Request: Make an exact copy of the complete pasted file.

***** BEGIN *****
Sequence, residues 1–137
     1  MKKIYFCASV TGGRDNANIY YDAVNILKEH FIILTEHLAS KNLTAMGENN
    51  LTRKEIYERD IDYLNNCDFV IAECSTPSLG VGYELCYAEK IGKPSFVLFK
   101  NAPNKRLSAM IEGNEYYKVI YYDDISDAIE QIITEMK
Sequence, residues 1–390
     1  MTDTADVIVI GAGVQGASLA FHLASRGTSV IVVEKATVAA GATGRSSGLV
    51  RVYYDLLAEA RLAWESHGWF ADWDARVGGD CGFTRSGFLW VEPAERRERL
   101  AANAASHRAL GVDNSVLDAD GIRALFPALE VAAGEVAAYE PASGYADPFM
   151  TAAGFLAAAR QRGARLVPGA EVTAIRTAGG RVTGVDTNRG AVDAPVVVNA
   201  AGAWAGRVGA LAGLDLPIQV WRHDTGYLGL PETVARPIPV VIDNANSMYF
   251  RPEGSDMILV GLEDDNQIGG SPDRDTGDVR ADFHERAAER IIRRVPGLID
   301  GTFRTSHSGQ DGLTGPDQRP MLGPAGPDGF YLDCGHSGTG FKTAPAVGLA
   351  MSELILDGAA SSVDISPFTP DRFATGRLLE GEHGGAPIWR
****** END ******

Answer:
Sequence, residues 1–137
     1  MKKIYFCASV TGGRDNANIY YDAVNILKEH FIILTEHLAS KNLTAMGENN
    51  LTRKEIYERD IDYLNNCDFV IAECSTPSLG VGYELCYAEK IGKPSFVLFK
   101  NAPNKRLSAM IEGNEYYKVI YYDDISDAIE QIITEMK
Sequence, residues 1–390
     1  MTDTADVIVI GAGVQGASLA FHLASRGTSV IVVEKATVAA GATGRSSGLV
    51  RVYYDLLAEA RLAWESHGWF ADWDARVGGD CGFTRSGFLW VEPAERRERL
   101  AANAASHRAL GVDNSVLDAD GIRALFPALE VAAGEVAAYE PASGYADPFM
   151  TAAGFLAAAR QRGARLVPGA EVTAIRTAGG RVTGVDTNRG AVDAPVVVNA
   201  AGAWAGRVGA LAGLDLPIQV WRHDTGYLGL PETVARPIPV VIDNANSMYF
   251  RPEGSDMILV GLEDDNQIGG SPDRDTGDVR ADFHERAAER IIRRVPGLID
   301  GTFRTSHSGQ DGLTGPDQRP MLGPAGPDGF YLDCGHSGTG FKTAPAVGLA
   351  MSELILDGAA SSVDISPFTP DRFATGRLLE GEHGGAPIWR